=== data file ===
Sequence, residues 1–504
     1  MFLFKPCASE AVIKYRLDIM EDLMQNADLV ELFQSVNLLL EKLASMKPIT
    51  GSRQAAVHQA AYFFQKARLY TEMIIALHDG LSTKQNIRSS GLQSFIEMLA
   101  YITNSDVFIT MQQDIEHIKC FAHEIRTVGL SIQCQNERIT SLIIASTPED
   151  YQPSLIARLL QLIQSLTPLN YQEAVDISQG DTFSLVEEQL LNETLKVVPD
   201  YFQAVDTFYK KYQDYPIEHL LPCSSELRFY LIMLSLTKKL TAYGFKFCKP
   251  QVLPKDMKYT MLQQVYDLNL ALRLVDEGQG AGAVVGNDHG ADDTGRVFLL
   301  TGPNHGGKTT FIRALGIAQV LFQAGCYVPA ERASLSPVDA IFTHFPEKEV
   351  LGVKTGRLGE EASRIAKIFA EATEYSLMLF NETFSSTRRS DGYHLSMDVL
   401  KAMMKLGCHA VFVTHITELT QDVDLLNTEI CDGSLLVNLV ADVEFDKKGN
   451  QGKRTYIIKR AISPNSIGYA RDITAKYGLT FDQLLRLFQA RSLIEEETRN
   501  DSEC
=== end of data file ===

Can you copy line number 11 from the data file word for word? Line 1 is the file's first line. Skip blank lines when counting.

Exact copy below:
   451  QGKRTYIIKR AISPNSIGYA RDITAKYGLT FDQLLRLFQA RSLIEEETRN